## Cache options
Optimizely Content Management System (CMS) supports IIS kernel caching and cache expiration settings for files, resources, and images, and manages caching across the web front-end servers, minimizing the amount of communication with the database. CMS stores the cache and other resources (that are used by the templates) in CMS. You can configure and extend the cache. CMS supports the caching methods listed below.
### Object cache
CMS automatically caches objects that are requested from the API, such as content instances. CMS bases the object cache on the ASP.NET runtime cache and stores only read-only objects for better performance. An event system manages invalidation with support for load-balanced servers.
This cache improves scalability with an optimistic locking approach. When multiple threads are reading the same data, they attach to the same database calls to avoid putting too much load on the database for objects that are not yet cached. See [Object caching](🔗).
### Output cache
Optimizely bases output caching on the standard ASP.NET Output Caching, and caches the entire rendered markup of a web page or user control for a specified duration. The cache is automatically invalidated when content is updated. You can define dependency rules for the cache, and the website you want to affect.
### Browser cache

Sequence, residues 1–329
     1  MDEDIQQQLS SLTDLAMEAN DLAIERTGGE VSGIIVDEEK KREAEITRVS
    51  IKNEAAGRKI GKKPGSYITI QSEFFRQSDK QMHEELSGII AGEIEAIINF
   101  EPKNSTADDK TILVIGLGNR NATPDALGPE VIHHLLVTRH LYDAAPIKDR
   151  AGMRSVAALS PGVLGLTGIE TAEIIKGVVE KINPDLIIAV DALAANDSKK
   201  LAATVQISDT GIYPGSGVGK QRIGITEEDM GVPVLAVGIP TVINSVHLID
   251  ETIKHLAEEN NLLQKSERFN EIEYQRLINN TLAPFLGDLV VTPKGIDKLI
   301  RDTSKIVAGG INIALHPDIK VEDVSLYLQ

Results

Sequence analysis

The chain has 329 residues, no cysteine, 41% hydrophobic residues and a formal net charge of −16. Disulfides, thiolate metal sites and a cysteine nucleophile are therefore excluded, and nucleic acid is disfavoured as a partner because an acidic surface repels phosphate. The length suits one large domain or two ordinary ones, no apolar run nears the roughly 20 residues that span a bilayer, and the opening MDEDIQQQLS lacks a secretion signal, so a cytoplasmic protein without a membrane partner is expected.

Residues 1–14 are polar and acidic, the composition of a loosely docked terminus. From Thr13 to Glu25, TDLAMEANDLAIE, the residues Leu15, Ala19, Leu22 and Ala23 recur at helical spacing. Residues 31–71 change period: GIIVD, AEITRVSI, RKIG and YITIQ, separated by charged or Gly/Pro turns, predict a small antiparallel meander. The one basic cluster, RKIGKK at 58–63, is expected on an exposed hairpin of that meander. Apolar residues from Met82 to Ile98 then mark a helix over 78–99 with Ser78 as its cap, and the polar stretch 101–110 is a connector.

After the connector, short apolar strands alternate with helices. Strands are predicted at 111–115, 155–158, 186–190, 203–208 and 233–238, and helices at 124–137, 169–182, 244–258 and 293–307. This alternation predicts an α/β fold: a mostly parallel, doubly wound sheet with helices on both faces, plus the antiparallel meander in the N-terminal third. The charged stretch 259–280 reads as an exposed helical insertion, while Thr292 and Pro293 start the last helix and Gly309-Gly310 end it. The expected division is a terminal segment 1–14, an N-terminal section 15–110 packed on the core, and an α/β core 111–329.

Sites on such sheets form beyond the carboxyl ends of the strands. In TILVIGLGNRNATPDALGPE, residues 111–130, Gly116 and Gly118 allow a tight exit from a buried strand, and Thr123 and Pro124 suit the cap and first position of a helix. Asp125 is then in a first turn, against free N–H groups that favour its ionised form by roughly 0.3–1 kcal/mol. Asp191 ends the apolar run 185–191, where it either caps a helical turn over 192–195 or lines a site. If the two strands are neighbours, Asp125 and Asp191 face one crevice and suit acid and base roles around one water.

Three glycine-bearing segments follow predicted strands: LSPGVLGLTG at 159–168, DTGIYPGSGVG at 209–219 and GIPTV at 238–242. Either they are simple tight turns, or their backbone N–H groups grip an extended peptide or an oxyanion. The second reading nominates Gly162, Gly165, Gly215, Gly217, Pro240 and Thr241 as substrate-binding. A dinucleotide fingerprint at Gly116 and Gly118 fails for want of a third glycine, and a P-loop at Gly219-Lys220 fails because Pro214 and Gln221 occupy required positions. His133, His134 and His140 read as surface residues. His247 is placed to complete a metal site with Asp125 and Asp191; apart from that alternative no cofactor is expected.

You can configure rules for browser (client) caching. For example, you can set a time period in which static files delivered by the CMS are cached by the client. You also can define how long dynamically generated pages are cached on the client.
### File cache
You can cache files from CMS to the client, or to the client and server. The server cache uses the IIS kernel cache, which delivers files directly by the IIS kernel, offering superior performance. The client cache lets you set a time period to cache a specific folder.
### Dynamic Data Store cache
[Dynamic Data Store](🔗) (DDS) offers an API and infrastructure for the saving, loading and searching of both compile time data types (.NET object instances) and runtime data types (property bags).
DDS uses a two-level cache:
The first level is a normal collection of objects that reside in memory with the context until the context is no longer in scope.
The second level cache provides a default ASP.NET runtime cache implementation to the DDS. Objects are in deconstructed form, meaning they do not hold hard references to each other and may be invalidated from the cache individually, thereby maximizing cache efficiency. ASP.NET decides when and how it releases objects from memory, if CMS does not remove the objects due to updates.
### Static Files cache
You can configure how CMS adds the cache information to the response headers at request of static files, so the client can cache files instead of being served by the web server at each request. This significantly reduces the total request time for a client. Use standard IIS settings to configure caching for static files.